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Volume 6, Issue 11
ASA is suing the federal government over recent attacks on medical cannabis in California. The lawsuit alleges that the Department of Justice is illegally coercing local and state officials with threats of prosecution for implementing state law.
The federal lawsuit, filed in San Francisco District Court on behalf of ASA’s 20,000 members in California, argues that federal prosecutors are trying to dismantle the state’s medical cannabis law, in violation of the Constitution’s 10th Amendment.
“Medical cannabis patients are not exempt from federal laws, but the 10th Amendment forbids the federal government from using coercive tactics to commandeer the law-making functions of the state," said ASA Chief Counsel Joe Elford, who authored the suit. “The recent intimidation tactics of the Department of Justice are nothing if not coercive.”
In recent weeks, U.S. Attorneys in California have threatened local elected officials and city staff with criminal prosecution if they implement regulations for medical cannabis dispensing collectives in their communities. Federal prosecutors have also threatened to seize city buildings where licenses for dispensaries are issued or other medical cannabis regulations are administered.
Federal threats include formal legal warnings to local officials in Arcata, Chico, El Centro, Eureka, Sacramento and other municipalities across the state.
In Chico, Mayor Ann Schwab received a letter in July from U.S. Attorney for the Eastern District stating that the city's proposed ordinance regulating medical cannabis dispensaries would violate federal law. The U.S. Attorney also warned Chico's city attorney, city manager, and police chief that council members and staff could face federal prosecution if the city implemented its dispensary regulations. As a result, the Chico City Council voted Aug 2 to rescind its medical marijuana cannabis ordinance.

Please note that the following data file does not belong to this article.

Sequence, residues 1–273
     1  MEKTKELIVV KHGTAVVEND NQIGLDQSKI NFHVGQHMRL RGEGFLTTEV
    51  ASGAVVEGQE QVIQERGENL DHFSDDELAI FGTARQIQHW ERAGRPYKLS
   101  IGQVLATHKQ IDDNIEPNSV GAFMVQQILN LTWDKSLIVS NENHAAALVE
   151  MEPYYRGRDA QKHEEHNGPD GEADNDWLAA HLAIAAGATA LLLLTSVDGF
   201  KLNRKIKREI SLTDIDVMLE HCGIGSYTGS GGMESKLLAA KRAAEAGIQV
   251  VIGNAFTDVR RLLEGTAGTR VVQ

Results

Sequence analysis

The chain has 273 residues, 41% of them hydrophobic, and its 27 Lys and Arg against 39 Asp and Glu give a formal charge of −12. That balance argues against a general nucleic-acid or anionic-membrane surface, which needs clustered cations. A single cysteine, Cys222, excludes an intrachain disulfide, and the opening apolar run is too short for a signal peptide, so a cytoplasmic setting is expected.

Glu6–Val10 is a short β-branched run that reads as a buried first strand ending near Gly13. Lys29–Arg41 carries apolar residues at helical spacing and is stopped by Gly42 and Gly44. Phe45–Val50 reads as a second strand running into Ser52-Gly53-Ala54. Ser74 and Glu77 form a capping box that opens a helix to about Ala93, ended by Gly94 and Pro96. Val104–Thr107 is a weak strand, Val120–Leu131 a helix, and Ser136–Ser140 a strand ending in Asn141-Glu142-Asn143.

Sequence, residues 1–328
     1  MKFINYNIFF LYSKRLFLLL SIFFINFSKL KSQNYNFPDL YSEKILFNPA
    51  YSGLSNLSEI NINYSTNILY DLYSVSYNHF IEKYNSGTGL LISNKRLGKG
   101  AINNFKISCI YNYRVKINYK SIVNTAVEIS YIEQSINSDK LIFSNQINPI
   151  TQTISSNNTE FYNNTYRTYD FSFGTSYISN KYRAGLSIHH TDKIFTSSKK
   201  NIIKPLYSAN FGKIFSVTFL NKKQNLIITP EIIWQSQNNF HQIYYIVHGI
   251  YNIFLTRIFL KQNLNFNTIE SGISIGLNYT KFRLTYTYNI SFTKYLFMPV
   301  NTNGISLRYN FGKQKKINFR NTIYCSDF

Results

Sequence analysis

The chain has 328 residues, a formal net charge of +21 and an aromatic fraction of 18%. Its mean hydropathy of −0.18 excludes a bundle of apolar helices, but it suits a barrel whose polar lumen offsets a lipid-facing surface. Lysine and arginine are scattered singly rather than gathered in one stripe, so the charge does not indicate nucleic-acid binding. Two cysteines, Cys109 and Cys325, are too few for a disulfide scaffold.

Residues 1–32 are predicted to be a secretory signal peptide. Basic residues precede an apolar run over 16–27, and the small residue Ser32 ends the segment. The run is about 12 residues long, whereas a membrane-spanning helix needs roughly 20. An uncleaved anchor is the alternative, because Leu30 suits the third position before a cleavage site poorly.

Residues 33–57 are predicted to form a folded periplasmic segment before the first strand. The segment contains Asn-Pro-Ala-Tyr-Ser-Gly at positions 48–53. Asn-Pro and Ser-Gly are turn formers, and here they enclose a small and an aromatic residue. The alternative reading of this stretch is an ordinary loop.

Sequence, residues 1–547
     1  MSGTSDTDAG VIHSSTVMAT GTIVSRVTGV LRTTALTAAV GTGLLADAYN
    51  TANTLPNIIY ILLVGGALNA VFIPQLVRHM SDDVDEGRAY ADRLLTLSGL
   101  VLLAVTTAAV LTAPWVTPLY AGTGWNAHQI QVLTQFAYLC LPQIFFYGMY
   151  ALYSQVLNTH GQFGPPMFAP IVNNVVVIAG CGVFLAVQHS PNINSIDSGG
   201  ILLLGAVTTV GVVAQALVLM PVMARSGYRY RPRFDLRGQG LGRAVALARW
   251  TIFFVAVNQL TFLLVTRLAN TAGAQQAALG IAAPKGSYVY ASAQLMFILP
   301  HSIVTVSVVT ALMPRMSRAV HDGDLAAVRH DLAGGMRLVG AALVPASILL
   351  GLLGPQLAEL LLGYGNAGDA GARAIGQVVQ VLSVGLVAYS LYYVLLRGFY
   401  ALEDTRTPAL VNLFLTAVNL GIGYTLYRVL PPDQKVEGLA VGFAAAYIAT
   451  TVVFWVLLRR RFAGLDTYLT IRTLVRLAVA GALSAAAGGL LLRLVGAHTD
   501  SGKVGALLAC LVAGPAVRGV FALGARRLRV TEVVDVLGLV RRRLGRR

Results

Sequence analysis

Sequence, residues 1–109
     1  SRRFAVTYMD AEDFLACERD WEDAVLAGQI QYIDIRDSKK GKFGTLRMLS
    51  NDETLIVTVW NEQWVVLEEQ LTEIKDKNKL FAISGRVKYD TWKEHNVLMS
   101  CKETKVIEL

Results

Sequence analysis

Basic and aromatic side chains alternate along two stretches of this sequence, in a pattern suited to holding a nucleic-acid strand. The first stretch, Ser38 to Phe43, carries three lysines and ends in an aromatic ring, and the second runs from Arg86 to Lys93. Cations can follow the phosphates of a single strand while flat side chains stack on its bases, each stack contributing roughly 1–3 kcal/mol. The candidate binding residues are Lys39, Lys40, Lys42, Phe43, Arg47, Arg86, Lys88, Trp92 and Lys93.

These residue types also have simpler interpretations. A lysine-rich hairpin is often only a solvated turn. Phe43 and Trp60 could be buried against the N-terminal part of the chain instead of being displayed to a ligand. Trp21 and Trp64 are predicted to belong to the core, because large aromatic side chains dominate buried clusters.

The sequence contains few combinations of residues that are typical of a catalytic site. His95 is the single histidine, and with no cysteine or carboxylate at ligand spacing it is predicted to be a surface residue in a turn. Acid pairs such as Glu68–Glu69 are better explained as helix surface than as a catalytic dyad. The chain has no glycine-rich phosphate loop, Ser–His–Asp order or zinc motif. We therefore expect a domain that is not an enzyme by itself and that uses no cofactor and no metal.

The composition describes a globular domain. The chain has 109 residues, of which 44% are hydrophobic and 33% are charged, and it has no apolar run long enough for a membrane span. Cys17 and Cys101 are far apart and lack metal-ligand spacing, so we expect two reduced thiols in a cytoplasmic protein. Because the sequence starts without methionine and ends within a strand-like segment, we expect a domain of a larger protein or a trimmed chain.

In Eureka, the city council received a similar letter from the U.S. Attorney for the Northern District stating that the city's publicly vetted licensing plan "threatens the federal government’s efforts to regulate, the possession, manufacturing, and trafficking of controlled substances." The U.S. Attorney specifically threatened that, "[i]f the City of Eureka were to proceed, this office would consider injunctive actions, civil fines, criminal prosecution, and the forfeiture of any property used to facilitate a violation of [federal law]." Because of these threats, the City of Eureka has suspended implementation of its local ordinance.
The escalation in tactics follows a rare joint press conference of all four US Attorneys for California, in which they announced stepped up enforcement against medical cannabis activities in the state, including targeting publications and other media that accept advertising promoting medical cannabis.
Federal prosecutors have also targeted California landlords who rent space to dispensing collectives, threatening them with criminal prosecution and asset forfeiture if they do not evict their tenants within 30 days.
These threats are in addition to raids conducted throughout California, including an early morning DEA raid Oct. 13 on Northstone Organics, a licensed cultivation collective in Mendocino County. Federal agents handcuffed the collective's founder and his wife and confiscated all 99 plants, each of which were had zip-ties indicating they were registered with the Mendocino Sheriff's Department.
The California Attorney General, Kamala Harris, and local and state officials have publicly criticized the federal prosecutors’ tactics.
Mendocino County Supervisor John McCowen called the DEA raid on Northstone "outrageous," and said in a statement that "[t]he elimination of dispensaries that operate legally and openly will endanger patients and the public."
State Senator Mark Leno, co-author of California's Medical Marijuana Program Act, urged the federal government to “stand down in it massive attack on medical marijuana dispensaries."
State Attorney General Kamala Harris said California should be free to implement state law without interference and denounced the federal government’s tactics, noting that "an overly broad federal enforcement campaign will make it more difficult for legitimate patients to access physician-recommended medicine."